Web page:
Ah yes… gear! One of the joys of running is the simplicity of the sport. You just put on a pair of shorts (the minimalists wouldn’t even bother with shoes) and run. No expensive list of gear that you need to get started. No gear arms race where better gear provides a huge competitive advantage. All in all a complete contrast to most other sports (One of my favourite sports, cycling, being a huge obvious contrast).
Well, that’s the theory anyway. But for an event like the UTMB it doesn’t quite hold true. For a start there is a long (for a running race) list of mandatory gear that everyone must have at all times in race (For an adventure racer this looks like a trivially short list though :)). Secondly the UTMB takes place over a long period of time in a high alpine environment, so it is possible to encounter extreme ranges of weather and conditions. So gear choice becomes much more critical for both comfort and safety. And given that a long ultra race will find any weaknesses in a runner, the race gear can have a huge effect on not just your competitiveness, but also on the simple ability to stay in the race.
As a result of these facts races such as the UTMB are pretty much the ultimate practical test of trail running gear and how it performs under extreme conditions. This year’s race was more extreme again, since it was hit by the worst weather of the entire Chamonix summer season. Feedback on gear performance in these conditions is particularly valuable.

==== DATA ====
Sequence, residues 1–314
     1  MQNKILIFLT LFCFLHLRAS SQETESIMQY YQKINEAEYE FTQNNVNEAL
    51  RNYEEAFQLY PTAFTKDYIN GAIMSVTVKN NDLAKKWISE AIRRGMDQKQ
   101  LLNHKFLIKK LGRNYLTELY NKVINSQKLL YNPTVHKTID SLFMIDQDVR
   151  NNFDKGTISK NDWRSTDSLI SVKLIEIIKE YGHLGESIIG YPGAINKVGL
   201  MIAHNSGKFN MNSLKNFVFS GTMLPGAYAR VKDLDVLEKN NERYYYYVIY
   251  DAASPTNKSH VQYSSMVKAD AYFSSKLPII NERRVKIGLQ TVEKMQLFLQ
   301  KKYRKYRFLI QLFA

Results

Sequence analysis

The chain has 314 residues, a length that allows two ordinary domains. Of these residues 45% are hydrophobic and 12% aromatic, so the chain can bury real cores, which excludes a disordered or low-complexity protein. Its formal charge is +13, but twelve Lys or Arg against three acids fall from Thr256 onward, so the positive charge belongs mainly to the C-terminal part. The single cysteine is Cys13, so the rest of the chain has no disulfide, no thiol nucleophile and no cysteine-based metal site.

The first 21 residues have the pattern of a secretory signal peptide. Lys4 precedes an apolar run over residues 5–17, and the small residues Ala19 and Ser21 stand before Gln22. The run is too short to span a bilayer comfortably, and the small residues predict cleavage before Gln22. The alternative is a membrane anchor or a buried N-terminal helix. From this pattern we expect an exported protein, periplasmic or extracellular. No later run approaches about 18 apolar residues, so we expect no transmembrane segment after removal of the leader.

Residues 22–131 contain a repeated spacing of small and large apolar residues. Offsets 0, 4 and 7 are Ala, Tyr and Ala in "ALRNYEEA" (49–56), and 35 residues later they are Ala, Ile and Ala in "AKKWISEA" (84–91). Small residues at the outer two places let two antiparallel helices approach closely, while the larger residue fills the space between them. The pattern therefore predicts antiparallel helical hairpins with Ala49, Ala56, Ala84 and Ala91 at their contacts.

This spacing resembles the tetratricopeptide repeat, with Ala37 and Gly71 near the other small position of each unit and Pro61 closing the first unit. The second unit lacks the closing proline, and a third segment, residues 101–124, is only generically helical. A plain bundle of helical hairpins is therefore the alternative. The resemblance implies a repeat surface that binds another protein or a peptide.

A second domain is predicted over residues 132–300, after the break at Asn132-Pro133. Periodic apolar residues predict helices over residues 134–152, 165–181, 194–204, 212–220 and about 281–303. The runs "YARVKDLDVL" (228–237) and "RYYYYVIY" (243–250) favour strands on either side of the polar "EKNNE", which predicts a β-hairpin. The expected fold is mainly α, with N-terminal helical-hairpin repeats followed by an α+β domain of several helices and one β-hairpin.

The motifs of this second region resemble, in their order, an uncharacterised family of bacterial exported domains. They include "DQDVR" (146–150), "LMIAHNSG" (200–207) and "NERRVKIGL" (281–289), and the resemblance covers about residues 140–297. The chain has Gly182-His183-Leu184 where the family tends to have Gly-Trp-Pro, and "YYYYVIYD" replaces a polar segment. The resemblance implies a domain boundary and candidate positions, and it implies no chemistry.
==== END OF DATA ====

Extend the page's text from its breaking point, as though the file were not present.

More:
I had brought far more gear with me than I needed. The idea was that I could my choice of gear for the weather the race was likely to get. The choice was made easy this year since the weather became so bad. The shortening of the race also meant that it was unlikely we would need to worry about running too much in post-storm rising temperatures. So on every choice I had, bar one (leggings) I went with the gnarlier weather gear.
Columbia have been very kind in giving me a lot of gear in the last few years. I’m also on their Beta team, so occasionally get to test new technologies and give feedback on their performance. However I won’t just use Columbia’s gear because of that. I value my competitive performance (and in extreme alpine conditions, my health and life!) too much to use anything less than the best gear I can get hold of. Ultrarunning tests gear to the limits, so bad gear can have a huge impact on performance.